Years ago, I struggled with several health concerns, including having a very tough time losing weight. I was frustrated and confused because I was physically active at that time – worked out regularly – and it seemed like I was always training for some event, like a half-marathon or sprint triathlon.
But when I realized how nutrition was impacting my health, I knew had a lot to learn. I tried all the nutrition hacks I could find, like low carb, no white stuff (rice, bread, sugar), eat breakfast, don’t eat breakfast, nutrition pyramid, etc.
Nothing helped very much and I was frustrated with my results. I thought something was wrong with me and that maybe my body just wanted to carry that extra weight. Or maybe I was just weak and lacked will power.
Then I realized that one of the reasons I didn’t have long-term success was because I hadn’t found what works for me, not just to lose weight, but for overall better health.
That’s when I learned that some nutrition and inflammation and that, for whatever reason, some types of food aren’t good for me. I also learned about the glycemic index and how eating low glycemic food can help me lose weight. (Read Use Low Glycemic Approach to Lose Weight and Keep It Off for more information.)
There’s a lot of confusion about what works best when you’re trying to eat healthy. Should you have fat or not have fat?
Is sugar really that bad for you?
What about breakfast? I heard the old saying “Breakfast is the most important meal of the day.” is a myth. Is it?
If you’re ready to start eating healthy and want some direction, here are 5 easy steps to get started.
Find what works for you.
The saying goes: The best diet is the one you can stick to.
We’re all different so what works for you may not work for me. And vice-versa.
Do you have to stay away from bread? For me, whole grains like quinoa and steel cut oats are okay for me, but most other grains aren’t. You may be fine with most grains.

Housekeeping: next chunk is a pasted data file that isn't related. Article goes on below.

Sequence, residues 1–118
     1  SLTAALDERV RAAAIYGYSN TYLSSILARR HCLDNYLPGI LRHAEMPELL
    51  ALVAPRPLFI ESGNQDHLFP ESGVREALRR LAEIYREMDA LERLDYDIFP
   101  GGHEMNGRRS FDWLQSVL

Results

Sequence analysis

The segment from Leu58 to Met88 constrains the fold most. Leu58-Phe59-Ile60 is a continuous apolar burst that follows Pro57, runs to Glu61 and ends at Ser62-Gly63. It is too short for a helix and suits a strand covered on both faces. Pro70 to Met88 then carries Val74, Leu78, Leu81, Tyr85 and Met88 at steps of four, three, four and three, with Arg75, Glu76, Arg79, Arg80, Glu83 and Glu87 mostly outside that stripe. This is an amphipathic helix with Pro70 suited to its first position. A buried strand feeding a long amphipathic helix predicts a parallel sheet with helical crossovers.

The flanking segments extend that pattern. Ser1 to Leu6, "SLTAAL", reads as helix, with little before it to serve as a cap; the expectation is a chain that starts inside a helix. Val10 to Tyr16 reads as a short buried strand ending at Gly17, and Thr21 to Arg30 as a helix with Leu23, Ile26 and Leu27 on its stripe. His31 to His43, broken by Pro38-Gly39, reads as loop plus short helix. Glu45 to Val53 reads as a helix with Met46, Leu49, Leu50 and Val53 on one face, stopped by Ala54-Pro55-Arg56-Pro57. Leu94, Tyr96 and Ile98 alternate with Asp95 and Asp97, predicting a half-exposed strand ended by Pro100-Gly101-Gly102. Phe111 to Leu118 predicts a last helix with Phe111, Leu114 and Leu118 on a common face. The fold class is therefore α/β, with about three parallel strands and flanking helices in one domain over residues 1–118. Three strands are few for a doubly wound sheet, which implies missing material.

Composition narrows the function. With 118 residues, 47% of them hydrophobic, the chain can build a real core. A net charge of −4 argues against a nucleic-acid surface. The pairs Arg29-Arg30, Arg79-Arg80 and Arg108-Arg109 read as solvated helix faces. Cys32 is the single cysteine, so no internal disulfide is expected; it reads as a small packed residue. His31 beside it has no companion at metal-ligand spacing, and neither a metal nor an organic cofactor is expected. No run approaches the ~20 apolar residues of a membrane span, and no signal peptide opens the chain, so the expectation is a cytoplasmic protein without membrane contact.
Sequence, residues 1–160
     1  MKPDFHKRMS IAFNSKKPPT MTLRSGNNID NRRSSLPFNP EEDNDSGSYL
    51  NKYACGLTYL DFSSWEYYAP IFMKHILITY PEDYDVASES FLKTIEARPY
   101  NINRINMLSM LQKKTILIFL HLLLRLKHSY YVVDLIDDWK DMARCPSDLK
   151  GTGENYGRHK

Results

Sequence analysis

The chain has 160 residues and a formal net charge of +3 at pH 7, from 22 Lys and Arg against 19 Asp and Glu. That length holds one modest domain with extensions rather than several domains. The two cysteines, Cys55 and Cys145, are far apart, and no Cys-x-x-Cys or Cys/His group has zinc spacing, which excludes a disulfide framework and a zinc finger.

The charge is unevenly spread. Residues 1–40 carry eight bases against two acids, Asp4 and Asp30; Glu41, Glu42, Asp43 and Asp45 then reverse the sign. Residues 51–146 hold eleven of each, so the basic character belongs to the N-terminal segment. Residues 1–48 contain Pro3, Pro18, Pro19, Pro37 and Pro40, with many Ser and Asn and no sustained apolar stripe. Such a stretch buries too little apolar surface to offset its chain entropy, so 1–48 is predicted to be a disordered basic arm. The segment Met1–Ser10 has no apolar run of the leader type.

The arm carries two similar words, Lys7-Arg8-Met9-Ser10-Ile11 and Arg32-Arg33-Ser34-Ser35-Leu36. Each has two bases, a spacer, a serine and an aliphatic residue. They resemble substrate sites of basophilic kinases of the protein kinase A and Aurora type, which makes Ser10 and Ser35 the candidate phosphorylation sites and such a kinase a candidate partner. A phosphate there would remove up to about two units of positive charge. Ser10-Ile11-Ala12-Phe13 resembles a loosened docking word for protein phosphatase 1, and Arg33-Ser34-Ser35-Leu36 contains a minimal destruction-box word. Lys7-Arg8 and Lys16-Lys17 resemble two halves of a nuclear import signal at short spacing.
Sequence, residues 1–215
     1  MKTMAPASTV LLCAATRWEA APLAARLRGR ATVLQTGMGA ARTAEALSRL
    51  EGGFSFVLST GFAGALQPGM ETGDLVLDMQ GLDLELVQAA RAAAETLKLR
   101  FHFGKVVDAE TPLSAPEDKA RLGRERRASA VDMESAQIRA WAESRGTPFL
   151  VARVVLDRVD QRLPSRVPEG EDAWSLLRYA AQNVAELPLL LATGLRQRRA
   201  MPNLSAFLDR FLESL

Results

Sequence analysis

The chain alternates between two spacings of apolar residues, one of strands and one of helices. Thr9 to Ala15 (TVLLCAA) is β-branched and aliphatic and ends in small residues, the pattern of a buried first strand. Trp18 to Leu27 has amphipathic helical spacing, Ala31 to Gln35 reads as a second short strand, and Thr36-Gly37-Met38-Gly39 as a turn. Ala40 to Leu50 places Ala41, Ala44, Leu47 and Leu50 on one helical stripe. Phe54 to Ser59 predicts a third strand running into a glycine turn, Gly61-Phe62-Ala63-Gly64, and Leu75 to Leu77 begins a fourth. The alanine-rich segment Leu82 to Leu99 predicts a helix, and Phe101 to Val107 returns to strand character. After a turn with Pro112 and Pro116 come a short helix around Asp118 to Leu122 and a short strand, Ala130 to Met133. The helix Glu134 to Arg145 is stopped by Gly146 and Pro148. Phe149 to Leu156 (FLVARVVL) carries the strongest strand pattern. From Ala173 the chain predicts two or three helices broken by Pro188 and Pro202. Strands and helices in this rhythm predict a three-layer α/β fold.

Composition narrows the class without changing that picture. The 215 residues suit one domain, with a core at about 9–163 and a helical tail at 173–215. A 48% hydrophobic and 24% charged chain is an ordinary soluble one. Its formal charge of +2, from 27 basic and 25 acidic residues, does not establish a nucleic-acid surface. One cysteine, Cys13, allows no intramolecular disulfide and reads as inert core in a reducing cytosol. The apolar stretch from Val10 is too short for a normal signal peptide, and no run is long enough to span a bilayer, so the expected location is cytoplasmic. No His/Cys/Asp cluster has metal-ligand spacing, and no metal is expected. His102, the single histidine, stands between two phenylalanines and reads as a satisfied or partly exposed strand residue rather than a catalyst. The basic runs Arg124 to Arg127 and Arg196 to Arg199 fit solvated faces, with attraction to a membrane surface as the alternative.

Should you eat breakfast or skip it? Some people, like my husband, practice “intermittent fasting” and skip breakfast. It works for them. If I skip breakfast, I feel ravenous and tend to eat more or whatever’s on hand.
Should you snack or not? For me, small snacks throughout the day help keep me from getting over-hungry and helps me stay on track.
Is dairy okay? For some people even a little dairy is too much.
Is low-carb a good option? If you like fruits and vegetables, low carb is probably not going to be the best option for you.
For more information, go to webmd.com’s 10 Tips for Finding the Best Diet That Works for You
Practice portion control.
A couple of tricks to keep portions reasonable:
Use a smaller bowl/plate.
Use a small spoon.
When at home, keep extra food away from the table so second helpings aren’t as convenient.
When eating out:
Share an entree with a friend.
Pack half your entree in a to-go container.
Make water your drink of choice.
Energy drinks, fruit drinks, alcohol, and sweet and creamy coffee drinks often have little nutrition and lots of added sugar. If you choose to indulge, stick with the small size.
Unsweetened tea or coffee or fruit-infused water are good options.
Fast eating usually means unsatisfied eating. like when you’re eating so fast you don’t even remember what you ate?
Take your time and eat slowly. This is a lot easier to do if you’re not over-hungry.
Learn about food labels.
The simple way to read a food label is to look at the ingredients.
Watch for added sugar and make the best choice you can. For more information about food labels, read How to Read a Food Label
We’re all different. What works for some people may not work for you.
It may be helpful to keep a food journal so you can note how certain foods make you feel. Which food leave you feeling satisfied and which leave you hungry right away.
It takes trial and error, but it’s well worth the effort when you discover which foods help you feel healthy and well instead of sick and worn out.